My route to the CYPA was a little different from most, both practically and ideologically. Firstly, coming from the UK meant a marathon journey, hopping from Newcastle to Amsterdam, onwards to Beijing and then finally to the destination, and as expected at an event hosted by the Council of Asian Liberals and Democrats, coming from a European country put me in a group of a select few chosen to enrich the discourse and debate as well as to build strong links with the future leaders of Asian democracies. This also meant I wasn’t a member of any party affiliated to CALD or even its global equivalent the Liberal International, instead my political background was within the Conservative and Unionist Party as I possess strongly held beliefs related to personal responsibility, social and economic freedom, equality of opportunity and an international outlook (however it’s probably quite ironic that the real turning point in my political beliefs was Hayek’s “Why I am not a Conservative”.) Outside of politics my background also made me sympathetic to the aims of the event, from my Bachelor of Law through to my subsequent work in human rights in the region and my current studies at SOAS for an MA in Pacific Asian studies. With these compatible beliefs and the fact I was well aware of the excellent work that CALD member parties were doing to advance the principles of freedom and democracy across the region I was extremely excited to be heading to one of my favourite cities, that bustling beacon of economic liberty, Hong Kong.
The overwhelming emotion I took away from this event was inspiration. Originally this was due to the fact that the obstacles CALD member parties are facing are unthinkable in the UK, whether that was extrajudicial killings in the Philippines, the legacy of dictatorship in Taiwan, the struggle for fair elections in Cambodia, the battle against extremism and intolerance in Indonesia and many other cases that really brought home how fortunate I was. The determination of CALD member parties to overcome these tribulations and constant advocacy for freedom and democracy in a world which is increasingly polarised between the two statist behemoths of left and right wing populism was impressive and I’m sure if any British political party could capture even a 10th of that resolve they’d sweep to power with ease, meaning even chatting with other participants was a great antidote to my increasingly jaded view of politics as it increasingly becomes dominated by careerist and opportunist individuals.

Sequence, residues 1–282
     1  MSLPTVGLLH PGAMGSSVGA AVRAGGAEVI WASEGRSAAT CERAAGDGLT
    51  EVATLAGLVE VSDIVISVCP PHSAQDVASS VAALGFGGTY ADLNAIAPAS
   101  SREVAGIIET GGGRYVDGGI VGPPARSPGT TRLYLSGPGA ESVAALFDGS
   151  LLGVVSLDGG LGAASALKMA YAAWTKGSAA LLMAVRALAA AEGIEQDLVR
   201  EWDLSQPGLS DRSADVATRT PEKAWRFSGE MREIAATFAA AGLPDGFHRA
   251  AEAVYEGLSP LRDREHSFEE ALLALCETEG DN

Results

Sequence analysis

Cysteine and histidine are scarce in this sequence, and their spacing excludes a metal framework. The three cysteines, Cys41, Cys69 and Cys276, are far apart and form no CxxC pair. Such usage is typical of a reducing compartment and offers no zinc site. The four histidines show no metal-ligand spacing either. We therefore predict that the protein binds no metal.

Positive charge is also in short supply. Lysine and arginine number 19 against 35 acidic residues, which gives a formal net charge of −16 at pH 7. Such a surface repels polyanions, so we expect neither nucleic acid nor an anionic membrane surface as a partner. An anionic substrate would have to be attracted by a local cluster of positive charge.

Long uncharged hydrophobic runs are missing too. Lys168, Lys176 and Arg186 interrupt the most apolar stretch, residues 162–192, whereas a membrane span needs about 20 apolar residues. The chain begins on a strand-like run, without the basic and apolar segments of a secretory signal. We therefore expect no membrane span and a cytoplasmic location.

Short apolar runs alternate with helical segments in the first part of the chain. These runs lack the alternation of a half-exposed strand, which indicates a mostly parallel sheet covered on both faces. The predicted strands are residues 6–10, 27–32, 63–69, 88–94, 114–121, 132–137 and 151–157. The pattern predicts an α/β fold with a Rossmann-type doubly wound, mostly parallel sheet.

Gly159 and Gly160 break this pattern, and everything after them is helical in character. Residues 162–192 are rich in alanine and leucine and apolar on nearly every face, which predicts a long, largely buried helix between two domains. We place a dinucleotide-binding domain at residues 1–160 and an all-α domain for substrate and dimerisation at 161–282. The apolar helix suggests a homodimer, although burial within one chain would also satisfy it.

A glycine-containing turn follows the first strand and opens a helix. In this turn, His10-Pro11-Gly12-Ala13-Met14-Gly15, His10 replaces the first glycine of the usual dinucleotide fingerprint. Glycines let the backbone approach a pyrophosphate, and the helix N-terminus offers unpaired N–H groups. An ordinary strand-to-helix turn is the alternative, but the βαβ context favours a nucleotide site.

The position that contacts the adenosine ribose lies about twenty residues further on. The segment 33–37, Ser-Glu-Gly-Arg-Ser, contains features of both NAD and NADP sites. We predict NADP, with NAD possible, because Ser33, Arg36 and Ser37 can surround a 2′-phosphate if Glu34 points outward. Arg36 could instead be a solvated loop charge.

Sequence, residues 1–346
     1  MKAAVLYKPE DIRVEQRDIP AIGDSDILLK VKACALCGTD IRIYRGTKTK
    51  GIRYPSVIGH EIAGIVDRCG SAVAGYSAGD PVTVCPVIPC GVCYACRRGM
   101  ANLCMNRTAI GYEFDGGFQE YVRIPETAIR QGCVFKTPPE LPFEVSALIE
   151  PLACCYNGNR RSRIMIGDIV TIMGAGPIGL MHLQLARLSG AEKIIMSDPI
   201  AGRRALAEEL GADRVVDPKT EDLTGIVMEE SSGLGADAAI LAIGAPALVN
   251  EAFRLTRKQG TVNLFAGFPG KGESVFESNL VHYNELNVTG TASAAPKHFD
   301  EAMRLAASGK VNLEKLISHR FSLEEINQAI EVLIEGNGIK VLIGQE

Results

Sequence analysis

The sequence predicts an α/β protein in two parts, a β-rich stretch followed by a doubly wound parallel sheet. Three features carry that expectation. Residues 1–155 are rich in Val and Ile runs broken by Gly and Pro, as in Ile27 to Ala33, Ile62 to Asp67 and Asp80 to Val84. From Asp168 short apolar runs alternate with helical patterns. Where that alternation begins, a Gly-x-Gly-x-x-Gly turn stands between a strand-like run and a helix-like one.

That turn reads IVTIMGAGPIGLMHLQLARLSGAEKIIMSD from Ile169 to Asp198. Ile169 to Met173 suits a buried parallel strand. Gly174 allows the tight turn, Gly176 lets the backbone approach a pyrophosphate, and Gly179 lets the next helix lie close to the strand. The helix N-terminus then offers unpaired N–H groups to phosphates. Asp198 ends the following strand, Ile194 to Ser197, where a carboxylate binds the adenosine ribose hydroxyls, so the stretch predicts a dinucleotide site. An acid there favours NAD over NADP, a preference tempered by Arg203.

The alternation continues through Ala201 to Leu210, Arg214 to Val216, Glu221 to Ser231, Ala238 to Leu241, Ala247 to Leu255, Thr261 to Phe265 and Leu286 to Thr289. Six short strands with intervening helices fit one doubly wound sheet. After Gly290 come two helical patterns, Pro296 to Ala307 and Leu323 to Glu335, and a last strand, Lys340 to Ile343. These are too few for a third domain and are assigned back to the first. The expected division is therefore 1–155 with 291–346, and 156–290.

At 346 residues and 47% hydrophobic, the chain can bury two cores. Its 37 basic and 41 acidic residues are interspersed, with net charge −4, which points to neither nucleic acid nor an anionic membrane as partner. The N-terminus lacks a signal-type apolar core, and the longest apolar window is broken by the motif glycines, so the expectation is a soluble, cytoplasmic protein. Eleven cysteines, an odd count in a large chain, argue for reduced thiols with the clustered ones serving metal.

On a more specific level I was hugely inspired by the work the Democratic Party of Hong Kong were doing, despite our historical links with Hong Kong, the situation in the SAR is relatively underreported in the UK. We were privileged to be there for the weekend of the Chief Executive election, the most senior political figure in the region, this is engineered via careful selection of the electors to mean that Beijing’s (and the Communist Party of China’s) candidate is chosen, so despite (the relatively pro establishment candidate) John Tsang polling well into 80% amongst the public, the candidate selected was Carrie Lam, with reports of Beijing’s representatives contacting electors who had nominated Tsang to “persuade” them to vote for Lam instead, something that if true is highly illegal given that the Hong Kong Basic Law states “No department of the Central People’s Government and no province, autonomous region, or municipality directly under the Central Government may interfere in the affairs which the Hong Kong Special Administrative Region administer”. And yet despite this, despite the abduction of booksellers who (legally) published inflammatory texts about Chinese Communist party officials, despite the tear gassing of protestors who opposed their leader being selected by Beijing, despite travel bans on those who spoke out against Beijing and its goal of domination – the Democratic Party still stand strong, hold their ground and advocate a democratic system for Hong Kong. As they were our hosts we had the honour of meeting beacons of democracy and freedom – from Martin Law QC, who well into his 70s was at the frontline of the protests to Emily Lau, an extremely passionate female former legislator and